Hypoglycemia Overview

What happens when your blood glucose level drops too low

Hypoglycemia means low (hypo) glucose (gly) in the blood (emia). Your body needs glucose to properly function. Your cells rely on glucose for energy.

Glucose comes from the foods you eat. Carbohydrates (e.g., fruit, bread, potatoes, milk, and rice) are the biggest source of glucose in a typical diet, and your body breaks down carbohydrates into glucose. The glucose is then transported in your blood to cells that need it; it gives your body energy.

However, in order to use the glucose, your body needs insulin. This is a hormone produced by the pancreas. Insulin helps transport glucose into the cells, particularly the muscle cells.

Sometimes, your blood glucose level can drop too low—that's hypoglycemia. It usually happens quite quickly, and it can be handled quite quickly, as well.

People with type 1 diabetes do not make insulin to help their bodies use glucose, so they have to take insulin, which is injected under the skin. People with type 2 diabetes fall into two categories when it comes to insulin: either their body doesn't make enough, or their body is unable to use it well (insulin resistance).

Normal Blood Glucose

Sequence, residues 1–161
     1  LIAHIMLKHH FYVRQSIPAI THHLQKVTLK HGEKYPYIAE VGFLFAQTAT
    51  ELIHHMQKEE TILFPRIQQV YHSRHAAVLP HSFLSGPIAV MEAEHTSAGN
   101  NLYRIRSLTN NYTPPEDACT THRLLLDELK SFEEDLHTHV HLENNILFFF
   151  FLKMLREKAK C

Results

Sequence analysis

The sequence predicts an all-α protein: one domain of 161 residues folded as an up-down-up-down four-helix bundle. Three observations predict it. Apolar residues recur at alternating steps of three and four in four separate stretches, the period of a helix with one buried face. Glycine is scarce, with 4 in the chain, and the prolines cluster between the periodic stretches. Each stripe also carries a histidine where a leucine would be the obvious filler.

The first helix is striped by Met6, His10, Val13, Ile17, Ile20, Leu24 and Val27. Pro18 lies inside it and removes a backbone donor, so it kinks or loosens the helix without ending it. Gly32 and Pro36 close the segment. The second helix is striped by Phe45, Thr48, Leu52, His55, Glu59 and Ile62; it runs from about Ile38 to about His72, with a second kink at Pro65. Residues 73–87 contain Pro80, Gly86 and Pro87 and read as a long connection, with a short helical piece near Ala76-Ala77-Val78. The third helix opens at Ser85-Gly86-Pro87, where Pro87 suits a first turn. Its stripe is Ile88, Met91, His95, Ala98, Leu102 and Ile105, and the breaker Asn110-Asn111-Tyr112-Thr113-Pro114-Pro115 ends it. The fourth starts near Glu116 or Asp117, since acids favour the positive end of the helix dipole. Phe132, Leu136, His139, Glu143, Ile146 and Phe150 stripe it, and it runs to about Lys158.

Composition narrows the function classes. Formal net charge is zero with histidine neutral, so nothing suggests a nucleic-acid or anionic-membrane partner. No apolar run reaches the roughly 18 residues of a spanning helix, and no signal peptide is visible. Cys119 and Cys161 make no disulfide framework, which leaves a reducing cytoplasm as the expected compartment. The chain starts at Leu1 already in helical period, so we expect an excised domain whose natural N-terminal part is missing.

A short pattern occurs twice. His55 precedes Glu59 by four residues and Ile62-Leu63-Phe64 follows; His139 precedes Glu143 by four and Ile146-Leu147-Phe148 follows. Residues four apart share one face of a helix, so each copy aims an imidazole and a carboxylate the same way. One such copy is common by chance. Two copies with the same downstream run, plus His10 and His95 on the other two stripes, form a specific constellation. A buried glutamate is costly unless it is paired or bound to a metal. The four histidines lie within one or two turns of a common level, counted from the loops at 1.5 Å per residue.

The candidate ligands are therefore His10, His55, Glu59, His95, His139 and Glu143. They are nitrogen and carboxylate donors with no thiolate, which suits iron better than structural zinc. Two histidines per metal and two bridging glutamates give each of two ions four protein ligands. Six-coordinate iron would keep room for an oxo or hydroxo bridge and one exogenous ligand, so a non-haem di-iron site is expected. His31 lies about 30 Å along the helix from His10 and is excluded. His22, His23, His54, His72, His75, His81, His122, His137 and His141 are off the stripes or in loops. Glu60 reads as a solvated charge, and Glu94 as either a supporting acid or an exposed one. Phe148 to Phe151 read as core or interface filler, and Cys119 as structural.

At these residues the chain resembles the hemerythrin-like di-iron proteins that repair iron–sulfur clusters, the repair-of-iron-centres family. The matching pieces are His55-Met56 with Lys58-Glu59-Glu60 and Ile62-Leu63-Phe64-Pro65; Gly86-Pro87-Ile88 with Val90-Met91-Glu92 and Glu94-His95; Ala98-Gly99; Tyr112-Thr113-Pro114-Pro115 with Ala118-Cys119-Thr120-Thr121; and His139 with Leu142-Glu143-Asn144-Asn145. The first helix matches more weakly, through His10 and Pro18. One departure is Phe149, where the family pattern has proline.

The American Diabetes Association published the Standards of Medical Care in Diabetes that provide recommended target blood glucose ranges for people with and without diabetes.

The standard for measuring blood glucose is “mg/dL,” which means milligrams per deciliter.

            People without Diabetes
            Fasting glucose (at least 8 hours without eating)          70 to 99 mg/dL
            After eating (called postprandial)                                       70 to 140 mg/dL
 
            Goals for People with Diabetes
            Before eating                                                                         70 to 130 mg/dL
            1 to 2 hours after starting a meal                                       below 180 mg/dL
 

 

View Sources

Sources

  • American Diabetes Association.  Standards of Medical Care in Diabetes—2009. Diabetes Care. 2009;32:S13-61.
  • National Diabetes Information Clearinghouse (NDIC) Web site.  Hypoglycemia page.  Available at:  http://diabetes.niddk.nih.gov/dm/pubs/hypoglycemia/.  Accessed May 5, 2009.